I am going to take a hiatus from this show in a few weeks, for the first time in 17 years. I need to focus on some other projects, including a book I’m writing, and won’t be able to afford the time to produce and host this show probono.
In anticipation of this upcoming break, I will be the guest this week and SARA DAVIDSON, best-selling author of Loose Change and Leap, whose new book, The December Project will come out in March, will be interviewing me. I’ve long thought it is only fair that I have to answer a few questions and this week it’s going to happen.
We tell ourselves stories — as a year ends and the next begins
We look back. Have we been naughty or nice? What were the Ten Best…? Did I fulfill my goals? How much older do I look? How much older do I feel? What did I learn? What did I accomplish? What did I screw up?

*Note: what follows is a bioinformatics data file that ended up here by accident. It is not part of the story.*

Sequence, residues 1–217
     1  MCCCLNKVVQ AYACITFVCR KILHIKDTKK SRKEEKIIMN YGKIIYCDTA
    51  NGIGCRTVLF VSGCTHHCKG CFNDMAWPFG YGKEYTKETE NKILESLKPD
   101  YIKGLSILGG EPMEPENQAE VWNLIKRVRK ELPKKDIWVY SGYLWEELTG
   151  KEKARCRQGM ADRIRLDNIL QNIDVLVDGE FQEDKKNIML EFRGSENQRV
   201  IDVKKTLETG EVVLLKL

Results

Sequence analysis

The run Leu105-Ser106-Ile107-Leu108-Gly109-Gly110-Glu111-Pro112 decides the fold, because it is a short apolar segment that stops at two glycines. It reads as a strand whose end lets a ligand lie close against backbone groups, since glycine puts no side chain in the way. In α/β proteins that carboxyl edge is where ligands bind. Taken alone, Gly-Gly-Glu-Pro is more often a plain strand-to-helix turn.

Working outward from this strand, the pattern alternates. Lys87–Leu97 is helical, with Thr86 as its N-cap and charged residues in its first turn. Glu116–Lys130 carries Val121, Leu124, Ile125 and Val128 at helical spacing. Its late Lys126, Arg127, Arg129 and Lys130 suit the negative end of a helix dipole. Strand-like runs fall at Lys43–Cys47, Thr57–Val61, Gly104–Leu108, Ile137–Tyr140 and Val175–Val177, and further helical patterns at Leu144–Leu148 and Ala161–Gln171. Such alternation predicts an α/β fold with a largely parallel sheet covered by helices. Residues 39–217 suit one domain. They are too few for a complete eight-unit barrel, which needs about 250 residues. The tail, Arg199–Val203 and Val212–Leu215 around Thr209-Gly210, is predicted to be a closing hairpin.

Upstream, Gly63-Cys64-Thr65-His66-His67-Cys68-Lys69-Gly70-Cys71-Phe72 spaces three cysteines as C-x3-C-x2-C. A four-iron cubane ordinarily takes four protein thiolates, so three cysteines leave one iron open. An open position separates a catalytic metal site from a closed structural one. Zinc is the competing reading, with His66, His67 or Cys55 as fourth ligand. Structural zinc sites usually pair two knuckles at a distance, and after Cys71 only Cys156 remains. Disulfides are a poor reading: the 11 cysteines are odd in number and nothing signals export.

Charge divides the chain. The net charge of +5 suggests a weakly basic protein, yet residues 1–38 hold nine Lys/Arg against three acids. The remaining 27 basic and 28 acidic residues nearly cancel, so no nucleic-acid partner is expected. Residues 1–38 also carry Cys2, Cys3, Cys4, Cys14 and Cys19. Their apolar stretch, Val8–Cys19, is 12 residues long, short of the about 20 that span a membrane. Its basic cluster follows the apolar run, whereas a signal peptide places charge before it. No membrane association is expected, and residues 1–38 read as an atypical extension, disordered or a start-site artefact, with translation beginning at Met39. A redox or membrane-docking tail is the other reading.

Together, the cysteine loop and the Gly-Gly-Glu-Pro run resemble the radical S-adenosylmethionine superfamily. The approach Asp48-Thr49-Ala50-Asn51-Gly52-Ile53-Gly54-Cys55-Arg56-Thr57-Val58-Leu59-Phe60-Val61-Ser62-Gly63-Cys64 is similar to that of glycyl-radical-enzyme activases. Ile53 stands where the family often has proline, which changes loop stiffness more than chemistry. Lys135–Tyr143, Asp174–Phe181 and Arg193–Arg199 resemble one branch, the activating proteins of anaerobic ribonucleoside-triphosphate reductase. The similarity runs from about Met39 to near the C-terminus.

What did I lose?
All stories, narratives: This is what happened and this is what it meant. This is what happened and this is what we learned.
Reflections. In the mirror and in the past.
We do it as individuals, we do it as a society, and we do it everywhere in between. As a company, any organization or team, a family, a relationship.
Though calendars vary, the death and birth of the year occurs at the end of the last of twelve cycles rooted in the movement of heavenly bodies, and in the days, nights, and seasons of nature.
We look forward. We set goals. We make up lists. We even write them down and talk about them. When else do we make resolutions? We develop plans and budgets. We go on diets. We join clubs.
Narratives again: This is what I predict will happen, this is what I hope will happen, this is what I fear will happen. And this is why, and what it might mean. Stories that haven’t happened yet.
We dream. We imagine the future at the start of the year more than at any other time.
The train is rolling by. I’m in my room at the Holiday Inn Capitol in DC and the tracks run right outside my window. The hum communicates enormous weight and power in rhythm punctuated by occasional quick squeals and now and then a whistle moan. Early this morning it half woke me several times. Tonight it sounds beautiful.